Stories were their assets
Tales of 19th-century Americans
Archived article from Dec 9, 2002
By Amy Vames
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The book's final category of narratives is those written by prisoners of war, primarily Northern soldiers imprisoned during the Civil War in such infamously horrendous prisons as Andersonville. For Fabian, the most fascinating aspect of these narratives is how the white prisoners appropriated the suffering of slaves. Many even went so far as to describe themselves as Negro because of their dirt-blackened skin.
"Civil War prisoners are a fascinating group, but it's harder to like them because they end up playing into a reconstruction of white racism," Fabian says. "While they're in prison, they seem to have a real sympathy for slaves. Then they come out and forget about any debt or tie to the communities of freed people" who helped many prison escapees return North. In fact, many of these former prisoners, in trying to claim their share of government pension funds, minimized freed slaves' claims of hardship.
Fabian ends the book with an example of storytelling from the 20th century, that of True Story magazine. True Story was a phenomenally successful publication begun in 1919 by Bernarr Macfadden. The magazine comprised stories - supposedly true - sent in by readers about their own lives. Fabian draws parallels between True Story and today's reality series, tabloids and tell-all talk shows such as "The Jerry Springer Show."
There is a major difference, however, between the narratives in "The Unvarnished Truth" and today's confessional outlets, Fabian notes. "The narratives in my book are pre-Freudian; they don't have that internal psychological discourse available to them. The beggars are tapping into a sense of politics and the nation. The slaves are tapping into abolition. The criminals are tapping into ideas about guilt and innocence. The soldiers are tapping into a story of race." While today's true-storytellers seem mainly to want to tell their stories to cleanse themselves of guilt or simply make themselves feel better, 19th-century narratives "are all about higher causes, how they will make a better world, will correct something that's wrong," Fabian points out.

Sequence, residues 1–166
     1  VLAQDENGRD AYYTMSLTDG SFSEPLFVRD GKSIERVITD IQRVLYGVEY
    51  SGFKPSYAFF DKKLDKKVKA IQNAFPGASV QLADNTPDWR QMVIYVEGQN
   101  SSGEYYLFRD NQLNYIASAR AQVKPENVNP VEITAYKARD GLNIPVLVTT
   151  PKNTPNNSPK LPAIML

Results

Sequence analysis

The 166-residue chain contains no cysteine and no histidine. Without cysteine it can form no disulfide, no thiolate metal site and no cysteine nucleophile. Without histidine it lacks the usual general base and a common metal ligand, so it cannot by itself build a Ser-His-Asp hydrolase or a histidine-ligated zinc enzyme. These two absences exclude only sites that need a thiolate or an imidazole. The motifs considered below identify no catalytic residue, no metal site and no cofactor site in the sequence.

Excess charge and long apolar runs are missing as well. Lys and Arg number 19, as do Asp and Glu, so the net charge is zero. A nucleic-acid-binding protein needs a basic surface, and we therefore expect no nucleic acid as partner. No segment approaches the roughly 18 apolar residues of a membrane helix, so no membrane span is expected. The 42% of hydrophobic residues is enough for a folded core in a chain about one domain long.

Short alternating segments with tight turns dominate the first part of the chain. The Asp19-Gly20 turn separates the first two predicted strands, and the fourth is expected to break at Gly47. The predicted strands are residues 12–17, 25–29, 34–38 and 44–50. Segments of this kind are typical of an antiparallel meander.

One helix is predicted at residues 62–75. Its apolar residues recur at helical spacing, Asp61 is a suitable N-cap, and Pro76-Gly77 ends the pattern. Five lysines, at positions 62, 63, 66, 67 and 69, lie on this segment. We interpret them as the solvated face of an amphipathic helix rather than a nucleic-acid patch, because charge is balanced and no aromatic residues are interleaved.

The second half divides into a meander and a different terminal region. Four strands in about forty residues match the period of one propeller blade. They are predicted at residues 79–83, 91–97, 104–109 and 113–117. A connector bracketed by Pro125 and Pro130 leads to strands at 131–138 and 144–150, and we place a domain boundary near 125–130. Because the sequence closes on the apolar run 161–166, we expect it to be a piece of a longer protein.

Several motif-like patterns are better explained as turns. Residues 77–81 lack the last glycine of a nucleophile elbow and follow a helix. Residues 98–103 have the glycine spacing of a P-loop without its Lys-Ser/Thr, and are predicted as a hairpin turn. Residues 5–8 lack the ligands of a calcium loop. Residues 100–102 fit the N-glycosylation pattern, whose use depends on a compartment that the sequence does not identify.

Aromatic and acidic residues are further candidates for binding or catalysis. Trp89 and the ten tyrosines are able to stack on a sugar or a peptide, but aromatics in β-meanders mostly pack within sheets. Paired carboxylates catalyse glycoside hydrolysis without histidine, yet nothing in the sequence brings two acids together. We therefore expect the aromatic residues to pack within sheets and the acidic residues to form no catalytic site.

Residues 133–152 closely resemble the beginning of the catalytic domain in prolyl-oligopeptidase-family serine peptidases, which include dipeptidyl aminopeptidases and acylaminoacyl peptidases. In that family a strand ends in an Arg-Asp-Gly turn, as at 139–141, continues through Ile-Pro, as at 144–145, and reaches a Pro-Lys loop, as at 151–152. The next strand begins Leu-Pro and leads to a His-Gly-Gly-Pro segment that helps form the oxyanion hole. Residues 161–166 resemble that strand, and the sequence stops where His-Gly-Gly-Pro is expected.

Fabian plans to use her Guggenheim Fellowship to do research on her next book. The book will be about Samuel George Morton, a Philadelphia man who in the 1830s collected and studied human skulls. Fabian admits the topic sounds morbid but says she plans to use Morton's studies to understand the end of the natural history era and the beginnings of modern ethnography and anthropology, as well as issues arising from the reclaiming of human remains by native American tribes.
Prisoners and slaves
Some white prisoners sympathized with slaves, and those who escaped usually acknowledged the help they received in flight from communities of freedpeople. But sympathy and gratitude were both undermined by the ways former prisoners told their stories. White soldiers were the actors in these stories, the agents who made history and deserved recognition and reward. Even when prisoners recognized the help given them by former slaves, they managed to belittle that help, describing a people blessed with an abundance of food and given to expressing themselves like comic characters on a minstrel stage. — From "The Unvarnished Truth" by Ann Fabian
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